app: hello
  replicas: 1
  template:
    metadata:
      labels:
        app: hello
    spec:
      containers:
      - name: hello
        image: "rbalashevich/hello-app:2.0"
---
apiVersion: v1
kind: Service
metadata:
  name: hello-service
  namespace: trial
  labels:
    app: hello
spec:
  type: ClusterIP
  selector:
    app: hello
  ports:
  - port: 80
    targetPort: 8080
    protocol: TCP
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Deploy the application with a command:

kubectl apply -f hello-app.yaml -n trial
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Create a Kubernetes TLS Secret

It is necessary to make the SSL certificate a Kubernetes secret. It will subsequently be directed to the tls block for Ingress resources.

The server.crt (CA trust chain) and server.key (private key) SSL files are assumed to be available from a Certificate Authority, your company, or self-signed, as a last resort.

⚠️ A private key is created by you (the certificate owner) when you request your certificate with a Certificate Signing Request (CSR). Saying other words, you receive a private key when generate a CSR. You submit the CSR code to the certificate authority and keep private key in a safe place.

As for the big three public cloud providers, they have instructions for exporting certificates: AWS CM, GCP CAS, Azure KV.

It is necessary to make the SSL certificate a Kubernetes secret. It will subsequently be directed to the tls block for Ingress resources.

And yes, keep the private key (server.key)!

Let's use the server.crt and server.key files to construct a Kubernetes secret of tls type (SSL certificates). In the trial namespace, where the hello-app deployment is located, we are creating the secret.

Run the kubectl command listed below from the directory where your server is located. Supply the absolute path to the files or the .crt and .key files. The name hello-app-tls is made up.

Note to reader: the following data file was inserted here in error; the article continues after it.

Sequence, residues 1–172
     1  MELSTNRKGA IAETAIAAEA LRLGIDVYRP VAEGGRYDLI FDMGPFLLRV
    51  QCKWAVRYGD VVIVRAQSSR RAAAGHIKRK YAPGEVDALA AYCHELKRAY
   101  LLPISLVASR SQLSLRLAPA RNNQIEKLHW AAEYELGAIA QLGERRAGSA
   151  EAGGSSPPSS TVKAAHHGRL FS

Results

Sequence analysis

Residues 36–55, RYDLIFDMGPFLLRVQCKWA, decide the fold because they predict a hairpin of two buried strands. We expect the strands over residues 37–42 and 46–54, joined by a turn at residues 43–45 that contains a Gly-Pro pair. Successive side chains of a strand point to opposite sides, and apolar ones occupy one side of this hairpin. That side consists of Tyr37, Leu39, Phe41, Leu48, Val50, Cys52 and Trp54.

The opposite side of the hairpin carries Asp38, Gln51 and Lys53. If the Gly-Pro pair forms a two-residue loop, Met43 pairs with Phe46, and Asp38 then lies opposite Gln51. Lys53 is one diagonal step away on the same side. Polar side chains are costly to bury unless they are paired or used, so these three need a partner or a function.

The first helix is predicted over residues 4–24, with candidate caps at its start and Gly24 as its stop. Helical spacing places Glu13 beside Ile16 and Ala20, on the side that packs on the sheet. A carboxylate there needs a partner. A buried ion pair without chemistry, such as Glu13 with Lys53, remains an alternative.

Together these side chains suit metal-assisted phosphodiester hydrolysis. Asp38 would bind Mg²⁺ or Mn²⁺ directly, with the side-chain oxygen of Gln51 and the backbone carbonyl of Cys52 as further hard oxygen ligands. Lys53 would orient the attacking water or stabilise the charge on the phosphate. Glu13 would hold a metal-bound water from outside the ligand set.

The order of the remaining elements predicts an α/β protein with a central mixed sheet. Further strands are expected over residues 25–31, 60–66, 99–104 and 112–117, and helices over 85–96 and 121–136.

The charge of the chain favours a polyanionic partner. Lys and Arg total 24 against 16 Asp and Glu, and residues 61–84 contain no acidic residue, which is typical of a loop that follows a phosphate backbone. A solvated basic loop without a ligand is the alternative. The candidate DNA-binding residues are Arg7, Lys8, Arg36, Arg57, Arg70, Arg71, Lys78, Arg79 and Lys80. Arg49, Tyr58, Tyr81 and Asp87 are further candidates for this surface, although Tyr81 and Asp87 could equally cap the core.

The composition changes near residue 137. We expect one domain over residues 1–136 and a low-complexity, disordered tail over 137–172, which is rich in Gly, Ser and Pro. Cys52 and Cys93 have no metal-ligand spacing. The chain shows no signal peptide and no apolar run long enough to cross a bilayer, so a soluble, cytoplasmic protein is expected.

kubectl create secret tls hello-app-tls \
    --namespace trial \
    --key server.key \
    --cert server.crt
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The comparable YAML file, where you must include the contents of the .crt and .key files, is provided below.

apiVersion: v1
kind: Secret
metadata:
  name: hello-app-tls
  namespace: trial
type: kubernetes.io/tls
data:
  server.crt: |
       <crt contents here>
  server.key: |
       <private key contents here>
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A Kubernetes ingress is a set of rules that can be configured to give services externally reachable URLs. Based on this understanding, to turn on secure connection, we should add tls block to Ingress object. So, in the trial namespace, we create the sample ingress TLS-capable resource:

apiVersion: networking.k8s.io/v1
kind: Ingress
metadata:
  name: hello-app-ingress
  namespace: trial
spec:
  ingressClassName: nginx
  tls:
  - hosts:
    - app.hosting.cloudprovider.com
    secretName: hello-app-tls
  rules:
  - host: "app.hosting.cloudprovider.com"
    http:
      paths:
        - pathType: Prefix
          path: "/"
          backend:
            service:
              name: hello-service
              port:
                number: 80
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⚠️ Replace app.hosting.cloudprovider.com to your actual hostname. The host(s) should be the same in both the rules and tls blocks in the Ingress manifest. In other words, they must match.

In case of using NGINX ingress, you can add the supported annotation by the ingress controller you are using if you want a strict SSL. For instance, you can use the annotation nginx.ingress.kubernetes.io/backend-protocol: "HTTPS" in the Nginx ingress controller to permit SSL traffic up until the application.

The way to make sure

Let's check with curl https://app.hosting.cloudprovider.com -kv, is the connection to the app secure now:

* SSL connection using TLSv1.3 / TLS_AES_256_GCM_SHA384
* ALPN, server accepted to use h2
* Server certificate:
*  subject: CN=app.hosting.cloudprovider.com
*  start date: Oct 6 15:35:07 2022 GMT